LAWRENCEVILLE - Atlanta's proposal to build high-occupancy toll lanes on Interstate 85 is a good one, a federal transportation official said.
But it may not be eligible for a large portion of grant funds that became available when New York City failed to pass congestion pricing legislation that would have required some drivers to pay a toll to enter parts of the city.
Friday, the Department of Transportation announced that Los Angeles would be getting a $213 million congestion reduction grant, part of it paid for with the New York dollars.
Tyler Duvall, the acting undersecretary for transportation policy, said more grants using the remainder of the $354.5 million New York rejected would be announced in the coming weeks.
Georgia's proposal, which fell short of winning a grant from the federal department last summer, would put HOT lanes on a 14.4-mile stretch from Interstate 285 to Old Peachtree Road. A second phase of the project could extend the lanes up Interstate 985.
But because a good portion of New York's money would have gone toward public transportation, Duvall said the HOT lane proposal may not be eligible for the same dollars.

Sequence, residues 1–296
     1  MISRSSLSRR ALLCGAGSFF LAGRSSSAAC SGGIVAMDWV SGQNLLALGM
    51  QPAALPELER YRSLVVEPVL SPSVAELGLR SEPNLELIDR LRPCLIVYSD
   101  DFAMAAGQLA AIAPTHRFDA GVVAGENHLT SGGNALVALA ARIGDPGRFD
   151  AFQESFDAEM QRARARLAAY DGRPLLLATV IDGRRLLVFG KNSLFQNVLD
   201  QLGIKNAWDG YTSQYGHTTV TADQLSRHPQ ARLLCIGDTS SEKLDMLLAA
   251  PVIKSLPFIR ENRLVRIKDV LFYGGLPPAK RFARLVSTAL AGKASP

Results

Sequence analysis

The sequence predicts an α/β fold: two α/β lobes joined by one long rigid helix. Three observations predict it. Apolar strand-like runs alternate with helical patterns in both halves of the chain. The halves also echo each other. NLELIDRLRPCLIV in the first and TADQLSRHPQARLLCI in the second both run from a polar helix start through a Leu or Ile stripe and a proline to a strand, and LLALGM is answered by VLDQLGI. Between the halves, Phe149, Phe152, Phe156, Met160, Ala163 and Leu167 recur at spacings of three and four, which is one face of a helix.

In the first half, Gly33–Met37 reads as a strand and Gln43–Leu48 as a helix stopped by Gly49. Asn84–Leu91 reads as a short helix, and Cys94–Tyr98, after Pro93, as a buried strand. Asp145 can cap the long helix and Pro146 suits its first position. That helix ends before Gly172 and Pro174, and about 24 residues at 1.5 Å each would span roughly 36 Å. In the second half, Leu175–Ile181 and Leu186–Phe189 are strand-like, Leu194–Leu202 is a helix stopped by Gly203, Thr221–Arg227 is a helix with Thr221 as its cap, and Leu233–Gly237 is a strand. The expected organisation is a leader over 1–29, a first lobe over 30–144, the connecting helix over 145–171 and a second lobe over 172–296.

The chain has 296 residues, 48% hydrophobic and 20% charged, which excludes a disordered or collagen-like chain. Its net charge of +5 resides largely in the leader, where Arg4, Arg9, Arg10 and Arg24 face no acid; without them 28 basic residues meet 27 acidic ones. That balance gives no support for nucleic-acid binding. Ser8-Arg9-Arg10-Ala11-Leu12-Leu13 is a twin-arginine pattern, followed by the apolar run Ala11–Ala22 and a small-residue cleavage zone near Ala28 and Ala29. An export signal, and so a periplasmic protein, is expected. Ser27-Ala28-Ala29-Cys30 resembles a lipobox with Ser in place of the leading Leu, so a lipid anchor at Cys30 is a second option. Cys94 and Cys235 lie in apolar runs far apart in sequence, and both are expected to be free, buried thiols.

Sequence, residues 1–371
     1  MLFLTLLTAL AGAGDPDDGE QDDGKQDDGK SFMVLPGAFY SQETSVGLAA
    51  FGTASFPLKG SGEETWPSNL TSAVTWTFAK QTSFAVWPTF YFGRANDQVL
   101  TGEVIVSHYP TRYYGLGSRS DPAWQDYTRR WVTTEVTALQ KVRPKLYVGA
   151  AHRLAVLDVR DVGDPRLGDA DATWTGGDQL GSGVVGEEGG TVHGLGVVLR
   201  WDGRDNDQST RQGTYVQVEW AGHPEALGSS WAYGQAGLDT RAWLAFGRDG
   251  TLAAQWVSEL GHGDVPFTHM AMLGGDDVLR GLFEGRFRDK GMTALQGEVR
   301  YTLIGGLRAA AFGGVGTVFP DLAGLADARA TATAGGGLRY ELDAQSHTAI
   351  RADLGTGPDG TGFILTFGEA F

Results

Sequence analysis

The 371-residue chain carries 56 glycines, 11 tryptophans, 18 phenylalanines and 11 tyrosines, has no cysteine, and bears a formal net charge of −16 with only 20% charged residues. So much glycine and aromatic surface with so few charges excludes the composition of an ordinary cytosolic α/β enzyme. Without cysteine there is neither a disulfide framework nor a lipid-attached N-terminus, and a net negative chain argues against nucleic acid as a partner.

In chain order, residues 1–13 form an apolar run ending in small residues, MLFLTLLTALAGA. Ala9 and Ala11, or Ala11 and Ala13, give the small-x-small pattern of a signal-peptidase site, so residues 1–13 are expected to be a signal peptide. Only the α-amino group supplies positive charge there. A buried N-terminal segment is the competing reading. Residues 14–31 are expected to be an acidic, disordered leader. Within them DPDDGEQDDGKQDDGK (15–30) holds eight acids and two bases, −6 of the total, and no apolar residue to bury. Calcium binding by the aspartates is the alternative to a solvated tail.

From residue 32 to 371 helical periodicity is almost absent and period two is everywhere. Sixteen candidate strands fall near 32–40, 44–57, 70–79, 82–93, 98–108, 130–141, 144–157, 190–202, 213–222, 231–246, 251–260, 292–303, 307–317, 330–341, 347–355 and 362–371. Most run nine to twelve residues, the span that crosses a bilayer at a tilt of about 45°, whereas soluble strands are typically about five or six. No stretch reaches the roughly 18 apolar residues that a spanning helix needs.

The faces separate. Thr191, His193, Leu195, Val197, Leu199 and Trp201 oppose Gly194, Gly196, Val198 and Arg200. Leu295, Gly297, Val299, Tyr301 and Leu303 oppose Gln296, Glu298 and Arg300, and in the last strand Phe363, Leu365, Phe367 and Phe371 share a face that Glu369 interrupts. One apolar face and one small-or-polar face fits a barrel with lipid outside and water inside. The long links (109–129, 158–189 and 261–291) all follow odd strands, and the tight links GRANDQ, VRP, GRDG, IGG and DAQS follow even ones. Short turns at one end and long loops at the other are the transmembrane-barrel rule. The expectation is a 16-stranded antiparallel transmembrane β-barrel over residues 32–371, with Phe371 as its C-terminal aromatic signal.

"Atlanta's proposal is still, in our view, a very good proposal," Duvall said. "Those are uniquely transit-oriented funds."
The HOT lane project would include more express buses and park-and-ride lots, but Duvall would not say whether it was still being considered for the money that is available.
The state has applied for other grants, but Duvall said at least one of them has less funding than did the grants that were already awarded.
He said the department will continue to offer grants to large cities with congestion problems.
"I strongly believe there are a lot of opportunities for Atlanta," Duvall said. "We want to continue to support Atlanta in a lot of different ways."
No one for the governor's press office returned several messages about the HOT lane proposal.
In the past, spokesman Bert Brantley said he had heard only praise for the proposal, which would charge single drivers a variable price to enter the lane depending on congestion and the time of day, while allowing carpools of three or more who entered the toll lanes to drive for free.
The system would also include credits for commuters and the addition of more buses and park-and-ride lots.
The most recent grant proposal asks for $165 million to convert current high-occupancy vehicle lanes to the toll lanes, of which the state would pay for 20 percent. The initial request asked for $130 million, but that number ballooned to more than $300 million as the program's scope expanded. The current application focuses on a smaller area.